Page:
Haiti begins tally after low-turnout vote
By Joseph Guyler Delva
PORT-AU-PRINCE, Haiti (Reuters) – Haiti slowly began to
collect tally sheets on Saturday after a parliamentary election
that drew few voters but avoided most of the violence that has
marred past attempts at democracy.
UN troops began bringing tally sheets back from remote
towns and villages to the vote counting center in the capital
Port-au-Prince, said Max Mathurin, head of the Provisional
Electoral Council in the impoverished Caribbean nation.
“Some have already arrived at the tabulation center but we
probably won’t start talking about figures till Monday,”
Mathurin told Reuters.
Friday’s second-round vote to pick 97 of 99 members of the
Chamber of Deputies and 30 senators will decide whether
President-elect Rene Preval, who won a first-round victory on
February 7, will have enough sway with parliament and the next
prime minister to govern effectively.
Haiti, the poorest country in the Americas, has been
afflicted by dictatorships, political violence and poverty for
most of its 202 years.
Preval’s predecessor as president, former Roman Catholic
priest Jean-Bertrand Aristide, was ousted in February 2004
while facing an armed revolt amid accusations of corruption and
Haiti has been run since then by an unelected interim
authority while UN troops and police have tried to maintain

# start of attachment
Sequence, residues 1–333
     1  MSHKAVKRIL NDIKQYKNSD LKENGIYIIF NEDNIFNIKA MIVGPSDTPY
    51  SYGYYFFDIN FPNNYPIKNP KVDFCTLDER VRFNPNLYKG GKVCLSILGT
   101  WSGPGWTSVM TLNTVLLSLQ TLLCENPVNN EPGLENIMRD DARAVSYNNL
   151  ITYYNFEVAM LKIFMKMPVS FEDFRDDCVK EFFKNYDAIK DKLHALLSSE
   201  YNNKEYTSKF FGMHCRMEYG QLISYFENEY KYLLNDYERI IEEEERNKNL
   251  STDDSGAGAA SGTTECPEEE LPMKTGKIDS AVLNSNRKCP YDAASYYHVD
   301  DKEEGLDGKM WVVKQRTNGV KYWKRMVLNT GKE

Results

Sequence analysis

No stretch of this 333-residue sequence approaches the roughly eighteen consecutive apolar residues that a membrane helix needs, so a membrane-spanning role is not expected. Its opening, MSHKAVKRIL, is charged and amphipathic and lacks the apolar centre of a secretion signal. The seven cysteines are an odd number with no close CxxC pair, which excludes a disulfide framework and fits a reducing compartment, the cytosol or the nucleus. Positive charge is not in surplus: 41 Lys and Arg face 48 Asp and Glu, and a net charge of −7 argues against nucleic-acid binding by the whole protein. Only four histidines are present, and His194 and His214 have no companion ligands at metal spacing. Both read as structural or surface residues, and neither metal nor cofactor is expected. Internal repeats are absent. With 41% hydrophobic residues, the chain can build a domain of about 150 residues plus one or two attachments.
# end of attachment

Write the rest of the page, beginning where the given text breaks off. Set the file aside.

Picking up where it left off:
peace between Aristide’s supporters in the sprawling slums and
the wealthy elite, who opposed him and now also harbor deep
suspicions about Preval.
One person was shot dead on Friday by a relative who
supported a rival candidate, police said. Turnout was extremely
low at an estimated 15 percent of registered voters, European
Union electoral observers said.
The sporadic reports of scuffles and demonstrations
reported by election officials suggested a relatively
problem-free election compared to past ballots, when gunmen
massacred voters as they stood in line.
Many people complained they had been turned away from
voting stations because they had been registered in other
districts. It was unclear how widespread the problem was.
Voters and politicians also complained that polling
stations closed on time at 4 p.m. During the first-round
election in February, huge crowds persuaded authorities to keep
some voting centers open into the evening and many Haitians
said they had expected the same to happen this time.
“This is a flagrant violation of the citizen’s civil and
political rights,” said Renan Hedouville, head of the Lawyers
Committee for Individual Rights, also known as CARLI.
“This was a well-planned strategy by authorities together
with the electoral council to prevent a group of people from
participating in the runoff,” he said.
Hedouville suggested that a low turnout would hurt the
chances Preval supporters because much of their support came
from the poor.